Hypos and TV shows
TV fans have been in touch with Diabetes UK recently, asking why dramas rarely portray well what it’s like to live with diabetes.
Our mailbag is full of comments about a wide range of dramas that have been on air recently that have mentioned diabetes, either as part of a long-running storyline or in one-off comments.
While it’s encouraging diabetes is being written into dramas as it helps to raise the profile of the condition, we agree it’s vital that dramas get the facts right. Not least so people who don’t have diabetes don’t make mistakes about how to help those of us who do.
We have a guide for scriptwriters on our website, and continue to advise script writers to help them get it right.
Most recently, we reviewed the scripts for the BBC’s Silent Witness two-parter “Awakening” (series 20, episodes 5 & 6) . The script writers did make changes as they wanted the action to be medically accurate, however, Diabetes UK doesn’t get final say on scripts and only advises scriptwriters and producers. Detective drama, Endeavour (series 4, episode 3) also had a diabetes related storyline. Both storylines are disturbing as a qualified medic deliberately induces hypoglycaemia in someone using insulin injections.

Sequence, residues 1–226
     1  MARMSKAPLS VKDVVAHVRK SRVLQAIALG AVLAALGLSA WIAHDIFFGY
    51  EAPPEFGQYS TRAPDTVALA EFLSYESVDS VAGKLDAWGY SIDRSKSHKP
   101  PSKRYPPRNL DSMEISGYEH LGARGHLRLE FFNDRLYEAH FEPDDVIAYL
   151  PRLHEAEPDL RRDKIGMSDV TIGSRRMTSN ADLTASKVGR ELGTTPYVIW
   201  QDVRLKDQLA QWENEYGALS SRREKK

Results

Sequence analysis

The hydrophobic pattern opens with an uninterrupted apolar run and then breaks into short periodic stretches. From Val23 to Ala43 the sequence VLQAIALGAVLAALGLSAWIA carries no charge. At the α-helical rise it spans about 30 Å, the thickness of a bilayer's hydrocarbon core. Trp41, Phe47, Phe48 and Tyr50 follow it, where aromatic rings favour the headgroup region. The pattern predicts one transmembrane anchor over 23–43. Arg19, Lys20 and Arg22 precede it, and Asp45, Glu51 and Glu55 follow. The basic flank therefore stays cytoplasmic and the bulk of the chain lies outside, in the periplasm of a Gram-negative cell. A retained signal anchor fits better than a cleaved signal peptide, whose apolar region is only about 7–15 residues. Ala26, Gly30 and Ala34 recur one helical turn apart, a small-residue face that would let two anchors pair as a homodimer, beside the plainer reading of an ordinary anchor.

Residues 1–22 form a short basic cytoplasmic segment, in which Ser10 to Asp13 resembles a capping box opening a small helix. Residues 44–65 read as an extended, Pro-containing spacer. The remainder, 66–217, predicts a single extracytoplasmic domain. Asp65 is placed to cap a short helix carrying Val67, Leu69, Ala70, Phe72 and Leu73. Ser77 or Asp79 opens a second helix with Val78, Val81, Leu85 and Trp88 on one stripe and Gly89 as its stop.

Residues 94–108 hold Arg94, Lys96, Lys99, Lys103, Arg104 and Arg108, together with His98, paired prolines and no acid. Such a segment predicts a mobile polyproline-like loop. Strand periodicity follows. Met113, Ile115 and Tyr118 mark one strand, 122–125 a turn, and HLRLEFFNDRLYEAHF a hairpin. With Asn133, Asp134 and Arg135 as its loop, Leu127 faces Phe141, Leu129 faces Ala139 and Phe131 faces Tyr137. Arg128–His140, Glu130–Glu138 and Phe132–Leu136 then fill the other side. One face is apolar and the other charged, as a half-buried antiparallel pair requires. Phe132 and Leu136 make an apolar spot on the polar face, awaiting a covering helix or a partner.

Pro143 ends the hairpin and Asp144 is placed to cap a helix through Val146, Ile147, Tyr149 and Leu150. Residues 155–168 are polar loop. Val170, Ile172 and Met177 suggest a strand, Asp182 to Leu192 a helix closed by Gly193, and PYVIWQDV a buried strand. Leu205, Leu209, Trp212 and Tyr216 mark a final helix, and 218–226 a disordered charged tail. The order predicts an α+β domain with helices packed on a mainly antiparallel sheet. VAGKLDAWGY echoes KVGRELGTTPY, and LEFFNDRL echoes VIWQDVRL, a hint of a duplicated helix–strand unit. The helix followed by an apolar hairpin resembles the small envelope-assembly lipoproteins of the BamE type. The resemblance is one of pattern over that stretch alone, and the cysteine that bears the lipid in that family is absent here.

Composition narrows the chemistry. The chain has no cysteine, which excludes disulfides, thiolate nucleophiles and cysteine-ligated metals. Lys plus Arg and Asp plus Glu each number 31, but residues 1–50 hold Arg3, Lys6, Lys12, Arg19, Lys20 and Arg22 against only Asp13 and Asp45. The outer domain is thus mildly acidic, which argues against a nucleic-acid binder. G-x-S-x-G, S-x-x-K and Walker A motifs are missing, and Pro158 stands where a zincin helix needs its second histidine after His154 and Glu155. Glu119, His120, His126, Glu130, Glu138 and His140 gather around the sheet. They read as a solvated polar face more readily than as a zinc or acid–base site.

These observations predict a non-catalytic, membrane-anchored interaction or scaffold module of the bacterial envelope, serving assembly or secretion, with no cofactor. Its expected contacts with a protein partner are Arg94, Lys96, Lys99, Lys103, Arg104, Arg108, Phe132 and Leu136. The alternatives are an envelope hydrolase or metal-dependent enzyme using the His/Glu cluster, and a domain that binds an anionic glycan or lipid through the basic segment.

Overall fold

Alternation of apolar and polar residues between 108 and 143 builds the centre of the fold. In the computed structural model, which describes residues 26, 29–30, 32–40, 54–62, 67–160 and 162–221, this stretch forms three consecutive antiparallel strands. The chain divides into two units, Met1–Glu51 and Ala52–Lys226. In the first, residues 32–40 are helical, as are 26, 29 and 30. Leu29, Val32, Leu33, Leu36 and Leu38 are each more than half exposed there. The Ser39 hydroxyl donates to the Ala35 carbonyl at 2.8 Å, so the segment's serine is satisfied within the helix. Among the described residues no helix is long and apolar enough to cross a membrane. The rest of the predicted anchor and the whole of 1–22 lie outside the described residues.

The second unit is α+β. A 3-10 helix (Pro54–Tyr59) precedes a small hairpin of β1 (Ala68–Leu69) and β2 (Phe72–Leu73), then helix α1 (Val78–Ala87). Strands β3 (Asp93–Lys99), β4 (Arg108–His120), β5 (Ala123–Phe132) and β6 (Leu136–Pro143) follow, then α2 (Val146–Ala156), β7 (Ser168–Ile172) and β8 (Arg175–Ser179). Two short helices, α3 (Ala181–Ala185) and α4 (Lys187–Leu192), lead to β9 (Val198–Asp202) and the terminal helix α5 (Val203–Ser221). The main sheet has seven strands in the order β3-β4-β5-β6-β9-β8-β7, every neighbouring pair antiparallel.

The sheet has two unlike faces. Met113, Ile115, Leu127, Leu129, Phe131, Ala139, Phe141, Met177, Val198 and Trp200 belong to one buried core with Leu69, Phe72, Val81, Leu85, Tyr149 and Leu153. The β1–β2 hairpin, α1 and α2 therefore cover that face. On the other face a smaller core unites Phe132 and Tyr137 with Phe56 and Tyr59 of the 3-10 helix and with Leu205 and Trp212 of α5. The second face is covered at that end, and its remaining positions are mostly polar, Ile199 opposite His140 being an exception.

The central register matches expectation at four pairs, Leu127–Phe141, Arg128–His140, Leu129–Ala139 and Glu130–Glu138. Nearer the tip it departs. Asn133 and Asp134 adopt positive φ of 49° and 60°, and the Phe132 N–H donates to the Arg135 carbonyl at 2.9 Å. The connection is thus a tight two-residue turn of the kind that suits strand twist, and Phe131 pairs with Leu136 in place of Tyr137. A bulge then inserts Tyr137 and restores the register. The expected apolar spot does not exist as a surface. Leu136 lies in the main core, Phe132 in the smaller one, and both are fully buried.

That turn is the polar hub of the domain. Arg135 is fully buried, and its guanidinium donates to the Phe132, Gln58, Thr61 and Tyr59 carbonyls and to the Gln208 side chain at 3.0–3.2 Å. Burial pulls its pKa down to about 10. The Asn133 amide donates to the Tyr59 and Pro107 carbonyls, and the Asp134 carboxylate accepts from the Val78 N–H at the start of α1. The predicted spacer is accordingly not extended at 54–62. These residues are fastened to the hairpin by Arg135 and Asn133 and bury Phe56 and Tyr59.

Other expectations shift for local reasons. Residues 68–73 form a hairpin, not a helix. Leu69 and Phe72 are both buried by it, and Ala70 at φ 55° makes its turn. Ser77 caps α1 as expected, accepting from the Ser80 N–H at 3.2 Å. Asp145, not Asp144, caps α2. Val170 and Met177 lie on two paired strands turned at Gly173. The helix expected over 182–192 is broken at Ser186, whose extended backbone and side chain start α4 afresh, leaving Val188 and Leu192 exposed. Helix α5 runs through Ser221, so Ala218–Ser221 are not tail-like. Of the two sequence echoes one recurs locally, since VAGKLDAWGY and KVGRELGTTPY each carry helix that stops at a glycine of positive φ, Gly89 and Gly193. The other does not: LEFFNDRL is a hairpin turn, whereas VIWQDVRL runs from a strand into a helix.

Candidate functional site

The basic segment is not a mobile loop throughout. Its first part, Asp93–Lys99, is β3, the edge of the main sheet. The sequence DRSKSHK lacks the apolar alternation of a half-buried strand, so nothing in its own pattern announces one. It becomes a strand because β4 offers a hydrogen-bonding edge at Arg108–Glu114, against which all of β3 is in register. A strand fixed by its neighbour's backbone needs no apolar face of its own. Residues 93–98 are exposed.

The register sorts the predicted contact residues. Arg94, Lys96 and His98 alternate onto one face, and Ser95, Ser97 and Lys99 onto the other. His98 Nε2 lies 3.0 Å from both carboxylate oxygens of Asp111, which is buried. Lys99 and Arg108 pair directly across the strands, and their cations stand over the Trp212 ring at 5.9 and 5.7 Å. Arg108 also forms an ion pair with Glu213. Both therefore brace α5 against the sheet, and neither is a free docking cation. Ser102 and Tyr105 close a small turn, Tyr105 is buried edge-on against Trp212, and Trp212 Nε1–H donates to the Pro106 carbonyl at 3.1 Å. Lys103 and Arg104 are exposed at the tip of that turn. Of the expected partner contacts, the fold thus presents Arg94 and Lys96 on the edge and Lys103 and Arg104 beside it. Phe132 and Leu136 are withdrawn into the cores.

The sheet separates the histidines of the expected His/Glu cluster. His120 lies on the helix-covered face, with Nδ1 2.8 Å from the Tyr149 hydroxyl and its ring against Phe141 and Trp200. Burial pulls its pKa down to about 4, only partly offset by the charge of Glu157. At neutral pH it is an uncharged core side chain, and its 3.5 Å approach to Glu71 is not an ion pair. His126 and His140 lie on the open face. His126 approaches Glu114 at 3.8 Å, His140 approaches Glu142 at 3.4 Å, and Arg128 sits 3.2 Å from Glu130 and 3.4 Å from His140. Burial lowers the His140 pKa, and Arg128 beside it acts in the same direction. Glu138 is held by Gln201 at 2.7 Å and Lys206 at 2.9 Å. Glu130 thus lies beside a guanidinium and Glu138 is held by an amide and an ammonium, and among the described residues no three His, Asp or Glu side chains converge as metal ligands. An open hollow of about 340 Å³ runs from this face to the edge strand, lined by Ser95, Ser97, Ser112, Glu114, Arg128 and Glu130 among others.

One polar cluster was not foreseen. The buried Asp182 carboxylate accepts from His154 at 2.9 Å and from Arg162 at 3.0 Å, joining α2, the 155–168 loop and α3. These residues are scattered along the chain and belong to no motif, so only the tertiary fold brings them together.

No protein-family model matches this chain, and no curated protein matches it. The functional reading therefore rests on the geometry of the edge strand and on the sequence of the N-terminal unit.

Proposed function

Soap operas have also been running diabetes storylines recently. A character in ITV’s Emmerdale has Type 1 isn’t managing her condition well and went into a hypo. Some fans have written in to say how worried you are about the character, and others say you think the action is unrealistic. And a passing comment in Channel 4’s Hollyoaks incorrectly suggested a cake would give a character diabetes, which rankled us. We didn’t know about this one, but would have advised the writers to take that out.
If we are consulted about a drama storyline we can and will give script writers and producers clear, constructive advice. However, we’re never there on set directing the action or advising in the editing suite where it’s cut into what we see on screen.
If you are unhappy about how diabetes is being shown on screen, do let the programme know. But let’s not forget, films and TV shows will often use dramatic licence which suits their stories, but doesn’t necessarily reflect everyday life. They are creating entertainment rather than screening realistic situations – but when we are involved – we try to steer them towards the most realistic portrayal possible.